Institutions can learn by following…and following they must, for now

By following, I mean observing.

Institutions are not static.  In fact, the best of them are living, breathing places from which there is a great deal of interactivity.  Key to assessing one’s impact is to understand the nature of this interactivity at every level.  By keen observation, one only begins the process of trying to suss out the importance and meaning of art and culture today.  Unfortunately, many leaders operating in today’s cultural sector lack this ability.

I’m presuming that we as cultural institutions care about what our audience (and audiences-to-be) values—that we want to understand them and to some extent, even meet their needs (with no judgment here).  This is not true for all and perhaps appropriately so (institutions are taste makers and therefore, in the lead position naturally, etc.).   But I would argue it should be for most, if not for all, at least for now.  Of course this is incredibly (and rightly) complex as so many are debating eloquently here.  So at the risk of being overly reductive, I’ll just put forth one position:  I ask cultural institutions simply to start by being much better ethnographers, then perhaps wiser interpreters of their discoveries…if only to be more refined curators of deeper meaning and better advocates for a point of view.

This may be odd coming from someone who works almost exclusively with museum leadership.  But it’s precisely because of this experience and exposure that I make this point.  In today’s organizational culture in museums, weight is overly slanted to this pinnacle or that.  Expertise and therefore experts are prized (and many primarily affirmed by the same).  But as this shows signs of ebbing—for no other reason than to be more inclusive for a whole host of reasons—there are signs of real dynamism.  I take this as a good thing, as institutions are so often in search of being relevant.

Making meaning for today’s audience is a worthwhile pursuit.  One must begin by understanding them and involving them more.

Next, the role of leading, and by this, I mean influencing.

About MiJin Hong

MiJin Hong has written 3 posts in this blog.

is the Director of Academic Affairs and Program Development at the Getty Leadership Institute at Claremont Graduate University (GLI), a leading international source of professional and executive development for current and future museum leaders ( MiJin’s primary focus is in designing leadership programs in service to the museum field, building relationships with faculty and other potential partners in the academic, public and private sectors. Key to her success is understanding and examining the issues and challenges facing the museum leadership community and staying abreast of the field’s most pressing developments and its rapidly evolving context. She applies current research toward future solutions by building opportunities for museum professionals, policy makers, academics, and public officials to come together to learn, plan and grow. Along with strengthening the curriculum of long-standing programs such as the Museum Leadership Institute (MLI) and Museum Leaders: the Next Generation (NextGen), more recently, she has been developing new initiatives for the global cultural sector with partners in Canada, Mexico and China.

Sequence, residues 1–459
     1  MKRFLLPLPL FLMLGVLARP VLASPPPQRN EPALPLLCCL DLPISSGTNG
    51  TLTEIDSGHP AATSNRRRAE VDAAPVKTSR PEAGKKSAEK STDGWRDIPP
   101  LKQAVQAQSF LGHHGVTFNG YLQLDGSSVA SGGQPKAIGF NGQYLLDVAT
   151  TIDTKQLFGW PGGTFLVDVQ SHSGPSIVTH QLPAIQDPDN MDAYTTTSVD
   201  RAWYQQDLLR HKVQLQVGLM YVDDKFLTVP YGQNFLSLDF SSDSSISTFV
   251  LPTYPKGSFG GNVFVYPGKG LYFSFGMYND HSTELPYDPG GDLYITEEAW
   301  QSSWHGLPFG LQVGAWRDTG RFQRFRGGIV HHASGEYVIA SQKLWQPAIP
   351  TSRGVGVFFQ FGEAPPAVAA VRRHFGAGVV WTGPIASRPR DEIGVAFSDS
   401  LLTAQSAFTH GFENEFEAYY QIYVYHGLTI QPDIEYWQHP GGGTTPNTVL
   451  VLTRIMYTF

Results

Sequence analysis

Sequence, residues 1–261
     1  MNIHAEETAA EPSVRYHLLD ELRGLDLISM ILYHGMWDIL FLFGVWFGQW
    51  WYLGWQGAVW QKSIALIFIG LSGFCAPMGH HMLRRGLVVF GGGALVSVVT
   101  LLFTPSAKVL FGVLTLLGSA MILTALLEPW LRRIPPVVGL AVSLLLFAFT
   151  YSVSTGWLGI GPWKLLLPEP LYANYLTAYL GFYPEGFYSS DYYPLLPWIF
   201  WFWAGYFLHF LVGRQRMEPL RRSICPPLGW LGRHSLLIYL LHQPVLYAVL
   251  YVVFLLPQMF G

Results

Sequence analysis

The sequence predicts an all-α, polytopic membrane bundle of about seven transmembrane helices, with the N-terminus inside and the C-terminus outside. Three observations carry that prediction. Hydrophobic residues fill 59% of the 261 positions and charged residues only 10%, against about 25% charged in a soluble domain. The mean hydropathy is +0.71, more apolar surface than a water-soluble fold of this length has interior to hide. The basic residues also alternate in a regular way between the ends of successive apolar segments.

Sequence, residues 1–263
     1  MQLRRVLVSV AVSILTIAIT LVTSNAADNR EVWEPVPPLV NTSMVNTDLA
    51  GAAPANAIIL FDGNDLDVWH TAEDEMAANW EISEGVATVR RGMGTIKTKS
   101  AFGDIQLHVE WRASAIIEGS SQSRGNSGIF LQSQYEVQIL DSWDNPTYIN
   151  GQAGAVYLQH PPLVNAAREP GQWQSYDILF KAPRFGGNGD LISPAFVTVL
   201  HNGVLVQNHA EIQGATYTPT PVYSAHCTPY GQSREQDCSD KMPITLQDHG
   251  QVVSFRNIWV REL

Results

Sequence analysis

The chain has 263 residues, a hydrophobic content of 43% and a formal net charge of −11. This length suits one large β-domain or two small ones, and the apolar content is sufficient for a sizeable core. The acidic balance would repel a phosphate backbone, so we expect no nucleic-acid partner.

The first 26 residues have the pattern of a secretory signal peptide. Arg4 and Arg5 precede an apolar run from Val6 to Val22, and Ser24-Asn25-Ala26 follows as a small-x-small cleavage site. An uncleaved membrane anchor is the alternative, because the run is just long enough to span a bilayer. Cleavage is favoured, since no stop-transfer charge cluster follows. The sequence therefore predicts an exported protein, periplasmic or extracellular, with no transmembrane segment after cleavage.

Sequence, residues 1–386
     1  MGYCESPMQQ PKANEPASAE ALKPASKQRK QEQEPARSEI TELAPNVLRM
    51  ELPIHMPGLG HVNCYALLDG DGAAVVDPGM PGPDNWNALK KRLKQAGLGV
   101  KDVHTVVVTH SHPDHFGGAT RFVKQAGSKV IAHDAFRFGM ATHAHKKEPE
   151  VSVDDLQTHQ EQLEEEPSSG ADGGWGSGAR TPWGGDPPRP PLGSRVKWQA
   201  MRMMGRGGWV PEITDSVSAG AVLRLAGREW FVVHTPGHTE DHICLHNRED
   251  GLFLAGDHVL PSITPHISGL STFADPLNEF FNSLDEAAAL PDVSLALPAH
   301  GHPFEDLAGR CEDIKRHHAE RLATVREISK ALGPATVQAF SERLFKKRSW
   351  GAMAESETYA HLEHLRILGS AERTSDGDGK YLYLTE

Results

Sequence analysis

1. adrienne sirken says

    I appreciate the larger debate here about the balance between leading and serving the cultural audiences we work with in the visual and performing arts. Key to this debate is indeed striking a true BALANCE rather than swinging to one extreme or another. As “popular” trends influence everything from programming to funding, the importance of an expert’s assessment of an unusually talented, creative and valuable artistic voice is essential. It is STILL the role of the presenter to be able to discern extraordinary skill, quality, and creativity in order to bring this to the attention of the less experienced audience. In the age of blogging and social media where opinions are published on an equal playing field without regard to differences between “expert” and general public there is a true liability of dumbing down quality. The reticent, non-blogging artist who is not suited to personal outreach with the general public is confined to obscurity if the measurement of their worth is fully dependent on the kind of general personal appeal that the blogging artist elicits with the general public. Having such artists cut out of the cultural landscape would be an enormous loss. We can all imagine how malnourished our souls would be without some of the greatest artists in history who were, by nature, highly private or reticent people whose hearts and souls were given to their audiences only on stage, or in their writing or through the creation of their visual worlds. These people are now far less likely to reach the public eye at all because audience preferences are being overly influential. If we only use the criteria of audience preference, the audience would never have the opportunity to discover less known artists who could well be some of the best and brightest throughout the world. I implore arts leaders to continue to choose their presentations based upon their own best judgement of exciting and important talent, even if the artist’s assets include the kind of depth, complexity, and obscurity that might be less accessible to some members of the audience. The legacy of our cultural future is dependent on this kind of leadership. Thank you for your continued courage !